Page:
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This AFL season is as legitimate as any other


For some the compromise has been too much. Back in June former AFL coach Mick Malthouse wrote: “I hate to say it, but it is virtually a non-season,” adding, “There are too many restrictions and too much compromise for it to be fair and even for all.”

His premiership midfield star Dane Swan has been singing from the same hymn book, tweeting, “No player, coach, AFL official or commentator will ever say it, which is understandable, but no doubt this year has an asterisk.”

No, it hasn’t.

This season is as legitimate as any others. For the evidence, just look around.

The fans are invested. The TV ratings for this season are through the roof. In August, Foxtel reported its ratings had increased by an average of 34 per cent compared to the same time last year. For Channel Seven it’s a similar story. Its ratings bump was 24.2 per cent.

Of course, the naysayers will point to the fact the ratings are simply up because there’s nothing else to watch.

But the investment from the fans has been emotional, too. In a year where we’ve all been crying out for a mere glimmer of hope and speck of good news, so often it’s been the footy that’s delivered.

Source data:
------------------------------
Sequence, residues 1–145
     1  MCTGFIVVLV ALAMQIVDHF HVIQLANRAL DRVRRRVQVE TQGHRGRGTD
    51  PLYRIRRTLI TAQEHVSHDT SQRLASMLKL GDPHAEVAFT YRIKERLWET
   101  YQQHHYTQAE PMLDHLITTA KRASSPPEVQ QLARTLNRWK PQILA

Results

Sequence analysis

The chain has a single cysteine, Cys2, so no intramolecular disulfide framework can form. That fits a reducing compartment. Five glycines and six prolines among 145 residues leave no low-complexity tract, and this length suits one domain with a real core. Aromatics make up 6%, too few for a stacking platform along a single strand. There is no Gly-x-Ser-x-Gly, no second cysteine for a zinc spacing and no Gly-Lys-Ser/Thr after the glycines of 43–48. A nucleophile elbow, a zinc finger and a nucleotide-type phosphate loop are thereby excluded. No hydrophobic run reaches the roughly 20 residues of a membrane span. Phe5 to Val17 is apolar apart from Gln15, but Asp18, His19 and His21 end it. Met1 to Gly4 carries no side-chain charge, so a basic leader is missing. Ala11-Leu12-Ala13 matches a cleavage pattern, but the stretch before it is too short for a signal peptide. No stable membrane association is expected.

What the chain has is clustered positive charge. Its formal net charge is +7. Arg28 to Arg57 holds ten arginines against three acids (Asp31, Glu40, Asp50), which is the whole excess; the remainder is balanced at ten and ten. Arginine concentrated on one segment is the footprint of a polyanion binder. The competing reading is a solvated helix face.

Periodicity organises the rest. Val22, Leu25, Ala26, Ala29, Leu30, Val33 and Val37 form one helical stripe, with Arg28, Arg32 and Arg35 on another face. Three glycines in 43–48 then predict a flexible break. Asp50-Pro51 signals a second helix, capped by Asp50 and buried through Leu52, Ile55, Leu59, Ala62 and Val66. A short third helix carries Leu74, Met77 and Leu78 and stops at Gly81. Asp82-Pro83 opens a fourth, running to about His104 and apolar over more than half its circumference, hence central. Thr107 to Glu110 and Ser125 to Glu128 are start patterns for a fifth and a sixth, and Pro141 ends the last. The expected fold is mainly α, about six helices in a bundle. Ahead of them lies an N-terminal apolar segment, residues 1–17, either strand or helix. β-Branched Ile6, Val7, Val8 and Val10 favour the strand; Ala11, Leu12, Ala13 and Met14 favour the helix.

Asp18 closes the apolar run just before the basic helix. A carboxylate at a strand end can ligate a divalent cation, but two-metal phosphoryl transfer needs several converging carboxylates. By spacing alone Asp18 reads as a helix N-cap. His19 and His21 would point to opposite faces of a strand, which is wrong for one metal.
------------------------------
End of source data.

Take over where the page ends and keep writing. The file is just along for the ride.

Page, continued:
Ask Carlton fans. Their anguish following an after-the-siren winning goal by Port Adelaide’s Robbie Gray in round 7 was then superseded by scenes of ecstasy when Jack Newnes kicked a last-gasp goal from the boundary to claim a famous victory against Fremantle in round 12. Fans across the country posted videos on social media of their wild celebrations reminding us all just how much this season matters.

The coaches and players are also invested. Ask West Coast Eagles premiership coach Adam Simpson, who claimed the injury-depleted Eagles’ win over St Kilda in round 17 was “one of my best wins for the club in my time”. The season clearly matters to him.


And don’t worry about the idea that this season is too compromised to be legitimate. Most people are smart enough to realise every single season is compromised.

Malthouse’s Magpies, for example, played a remarkable 11 games in a row at the MCG on their way to the premiership in 2010 while some interstate teams travelled from one side of the country to the other. Last year, Richmond finished the regular season with a run of seven MCG games.

We all know that each year, except this one, teams play every other team once, but only five other teams twice. Some play indoors at Marvel Stadium at the same time others play outside in teeming rain. Then there’s the small matter of higher-ranked non-Victorian teams playing Victorian clubs in the grand final in Melbourne.

Sound compromised? Of course it is.

Undoubtedly this year’s been odd. But illegitimate? No way. It matters. In fact, it matters a lot.

Sam Duncan is a lecturer in sports media and marketing.

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